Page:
Our Kids of Miami-Dade/Monroe, Inc., in partnership with the Florida Department of Children and Families Southern Region, Family Central Inc., Federation of Families Miami-Dade Chapter, Inc., South Florida Behavioral Health Network, the Village South Westcare Foundation , the University of South Florida, and Miami-Dade Community Based Care (CBC) Alliance, builds upon existing community relationships and services available to address the needs of child welfare involved families whose children are at-risk of removal who are affected by substance use disorders.
Miami-Dade IMPACT Project is developing a system and continuum of care that adequately addresses the needs of families affected by addiction that are non- treatment seeking, and at-risk of losing their children due to child abuse and neglect. The project provides eligible families an array of services incorporating the promising practice of Multi-Dimensional Family Therapy (MDFT) - Family Recovery with Intensive Family Preservation Services (based on the Institute for Family Developments HOMEBUILDERS ® program), Continuing Care Peer Specialists, and access to an entire continuum of services for children and parents. Through the service array, IMPACT Project is: (1) increasing child functioning, (2) decreasing parent substance use and mental health symptoms, (3) bettering child safety and child welfare outcomes and (4) improving family functioning.
The project includes an extensive evaluation using formative and summative approaches to examine IMPACT partnership, implementation, and outcomes. The project has elected to implement a Randomized Control Trial to study the effectiveness of evidence-based/promising practices, trauma informed care, and coordination of services to meet individual needs and the family as a whole.
The IMPACT Project serves families referred to Our Kids of Miami-Dade/Monroe, Inc. for diversion or prevention programs; have children ages 0-11; and who are determined to be “High to Very High Risk – with no safety threat” or “Moderate to Very High Risk – and Conditionally Safe,” and have suspected or verified substance use indicators.
Major Program Goals
The overriding goal is to develop a system and continuum of care that increases the well-being and improves permanency outcomes for children and their families affected by addiction where parents are non-treatment seeking, and are at high risk of child removal due to child abuse and neglect related calls to the hotline. Additional goals of the project are:
- To improve connection to and retention in services for the participating families
- To improve children’s functioning and developmental outcomes particularly related to mental health status, recovery from trauma, healthy attachment and social development
- To reduce parent/caregiver’s substance use and risk for child abuse; prevent re-referral or further involvement in the child welfare system
Major Program Services
The IMPACT Project core components include the promising practice of Multi-Dimensional Family Therapy (MDFT) - Family Recovery and Intensive Family Preservation Services (based on the HOMEBUILDERS® model) over an extended period. In addition, a Continuing Care Peer Specialist assists parents/caregivers to maintain their goals for recovery and self-sufficiency, support, and advocate for retention in services, monitors their progress, provides overall support and encouragement, reinforces coping skills and self-reliance, and otherwise helps the parents and families maintain stability.
The program facilitates access to an entire continuum of services through an established provider network who provide evidence-based practices such as Motivational Enhancement Therapy, Cognitive Behavior Therapy, Wraparound Services, Seeking Safety, Twelve Step, Psycho Educational Multi-Family Groups, Anger Management, Brief Strategic Family Therapy, Life Skills Training, Dyadic Family Therapy and Healthy Steps based on the needs of the family. In addition, the program design includes strategies to address:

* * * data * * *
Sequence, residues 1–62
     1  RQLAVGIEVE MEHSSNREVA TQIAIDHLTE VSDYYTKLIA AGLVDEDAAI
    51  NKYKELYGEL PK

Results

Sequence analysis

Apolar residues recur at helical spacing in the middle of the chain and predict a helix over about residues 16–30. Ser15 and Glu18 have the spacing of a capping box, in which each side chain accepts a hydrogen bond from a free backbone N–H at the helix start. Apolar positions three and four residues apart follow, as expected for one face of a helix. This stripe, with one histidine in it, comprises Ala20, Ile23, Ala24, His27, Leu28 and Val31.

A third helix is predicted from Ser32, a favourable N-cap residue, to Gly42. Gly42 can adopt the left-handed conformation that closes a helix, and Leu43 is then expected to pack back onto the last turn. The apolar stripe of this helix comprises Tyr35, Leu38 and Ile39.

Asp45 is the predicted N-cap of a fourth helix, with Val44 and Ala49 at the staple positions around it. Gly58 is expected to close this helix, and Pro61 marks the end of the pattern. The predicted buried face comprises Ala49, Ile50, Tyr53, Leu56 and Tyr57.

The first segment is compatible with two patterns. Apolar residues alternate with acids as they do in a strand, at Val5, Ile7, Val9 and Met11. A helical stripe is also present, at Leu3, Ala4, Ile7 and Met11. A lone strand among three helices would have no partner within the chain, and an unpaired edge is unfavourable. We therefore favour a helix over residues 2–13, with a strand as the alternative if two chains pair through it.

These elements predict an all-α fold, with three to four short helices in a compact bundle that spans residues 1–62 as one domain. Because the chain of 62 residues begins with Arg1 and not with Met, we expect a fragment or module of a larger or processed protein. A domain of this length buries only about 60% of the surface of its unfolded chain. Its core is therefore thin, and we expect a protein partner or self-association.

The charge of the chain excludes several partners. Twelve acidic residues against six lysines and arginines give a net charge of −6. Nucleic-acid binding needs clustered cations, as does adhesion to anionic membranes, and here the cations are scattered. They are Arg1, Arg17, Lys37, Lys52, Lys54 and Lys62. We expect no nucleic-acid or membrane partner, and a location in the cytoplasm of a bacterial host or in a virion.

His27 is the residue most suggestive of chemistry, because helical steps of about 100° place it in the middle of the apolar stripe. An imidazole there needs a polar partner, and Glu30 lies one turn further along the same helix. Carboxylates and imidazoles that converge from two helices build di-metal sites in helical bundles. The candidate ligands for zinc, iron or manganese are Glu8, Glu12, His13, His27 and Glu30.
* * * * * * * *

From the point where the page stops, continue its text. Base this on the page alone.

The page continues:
- Trauma: An essential component of the IMPACT Project is to address trauma related issues of children and adults randomized into the intensive service group. The IMPACT Project implements within a trauma informed environment. The Trauma Informed Care Committee (TIC), under the umbrella of the Substance Abuse Mental Health Planning Council (SAMH) in the DCF, furthers development and improvement of trauma informed services in the community
- Child Well-Being: The project addresses the needs of children through a multi-faceted approach that incorporates the Intensive Family Preservation Services, Multi-Dimensional Family Therapy (MDFT) - Family Recovery program with linkages to an array of coordinated community based services to address children's well-being
Partner Agencies and Organizations
The IMPACT Project builds upon existing collaboration in the community that will be strengthened and enhanced through the grant initiative. Miami-Dade Community Based Care Alliance will lead an Advisory Committee to ensure cross-system integration. The Advisory Committee helps facilitate incorporation of the project's activities into ongoing practices. In addition, the project staff meets with SAMH partners to consider creation of a task force that pertains more specifically to helping families receive treatment in a timely matter.
Most of the original grant partners and stakeholder continues to engage in the partnership and several new partners have joined. Partners include:
- Our Kids of Miami-Dade/Monroe, Inc.
- Florida Department of Children and Families Southern Region
- Family Central Inc.
- Federation of Families Miami-Dade Chapter, Inc.
- Banyan Health Systems (Spectrum Programs/Miami Behavioral Health Center)
- South Florida Behavioral Health Network
- University of South Florida Department of Child and Family Studies (CFS)
- University of Miami Miller School of Medicine, Department of Pediatrics-Division of Neonatology-Perinatal CARE Program
- Miami-Dade Community Based Care Alliance
- The Village South Westcare Foundation